Trees for Rural Communities
Chintamani, Karnataka, India
Trees for Rural Communities
Planting trees on community lands in Venkatakrishnahalli, Dibburhalli Gram Panchayat, Siddlaghatta Taluk, Chikkaballapur District; G Cherlopalli, Grothpalli Grama Panchayat, Bagepalli Taluka, Chikkaballapur District; Laxmipura Grama Panchayat, Srinivaspura Taluka, Kolar District, near the town of Chintamani in Karnataka, India.
- Creation of livelihood opportunities through the plantation process for local communities.
- Providing income to the local women through the production of Non-Timber Forest Products (NTFPs)
- Planting mixed species to replenish nutrients in the soil lot due to water, wind, monoculture
- Providing the cattle with fodder once the trees are mature.
S.Suryaprakash from the Department of Agricultural Economics, University of Agricultural Sciences on behalf of the Karnataka State Forest Department, prepared a report, citing the importance of NTFPs to the tribal communities and the tribal economy. The working paper published by Deutsche Gesellschaft für highlights the effect of climate change adversely affect the lives of rural women. Alister Doyle in his article ‘Plant more trees to combat climate change scientists’, speaks about the role of trees in combating climate change, by offsetting carbon and releasing oxygen. The roots hold topsoil and prevent erosion of precious topsoil, which has taken millions of years to form. Serena Josephine.M. in her article, titled “Serena Josephine.M” in The Hindu (October 20, 2008) mentions how community participation improved the results for soil conservation methods and prevent floods, thus helping the community in the long run.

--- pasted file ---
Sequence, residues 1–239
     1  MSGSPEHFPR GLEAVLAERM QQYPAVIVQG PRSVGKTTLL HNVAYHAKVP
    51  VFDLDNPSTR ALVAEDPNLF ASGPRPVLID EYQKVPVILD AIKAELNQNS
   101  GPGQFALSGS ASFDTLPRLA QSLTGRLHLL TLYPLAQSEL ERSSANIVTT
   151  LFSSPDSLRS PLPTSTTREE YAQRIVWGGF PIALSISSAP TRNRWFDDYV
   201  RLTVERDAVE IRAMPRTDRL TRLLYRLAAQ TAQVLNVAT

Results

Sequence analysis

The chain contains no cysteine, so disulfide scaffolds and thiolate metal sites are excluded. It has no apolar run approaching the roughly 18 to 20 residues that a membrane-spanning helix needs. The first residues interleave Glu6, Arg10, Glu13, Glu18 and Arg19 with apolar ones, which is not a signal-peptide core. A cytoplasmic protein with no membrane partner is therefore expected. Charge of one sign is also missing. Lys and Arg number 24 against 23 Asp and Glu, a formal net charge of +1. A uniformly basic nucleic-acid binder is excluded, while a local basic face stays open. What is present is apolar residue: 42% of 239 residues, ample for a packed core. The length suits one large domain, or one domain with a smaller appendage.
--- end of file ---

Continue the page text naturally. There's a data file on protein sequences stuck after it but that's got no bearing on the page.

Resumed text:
The tree species planted here include bamboo (Dendrocalamus strictus), Nayi Nerale (Syzygium cumini), sugar apple (Annona squqamosa), neem (Azadirachta indica), golden flower (Cassia Fistula), Black Siris (Albizzia odoratissima), indigo (Wrightia tinctorial), kassod (Cassia siamea), karanj (Pongemia pinnata).
The wildlife found here includes the yellow-throated bulbul, starred tortoise, red sand boa and Kolar leaf-nosed bat.
The project has so far provided over 17,000 workdays of jobs to the rural community. The upkeep of the saplings and later collection of forest products is a sustainable source of income for rural populations. The trees, when mature, will provide food and fodder to the cattle, thus preventing them from venturing inside the forest. Due to improvement in the vegetative coverage that soil erosion is also being reduced. Due to improved water levels the drinking water sources and agriculture in the nearby areas, have seen improvement. The trees planted play an important part in absorbing the carbon and help in regulating the climate.
The non-timber forest resources have increased both in terms of quality as well as quantity and communities are procuring them for personal consumption and the surplus for selling in local markets. The leaves of butea for crafting leaf plates, grass for making broomsticks, berries etc. provide commercial opportunities and small-scale forest-based industry, thus providing a steady income source to the forest dwellers.
50,000 trees out of this project are available for complete corporate adoption. Click here for more details.
25,000 trees out of this project planted in Kolar district and has been supported by DCB Bank.
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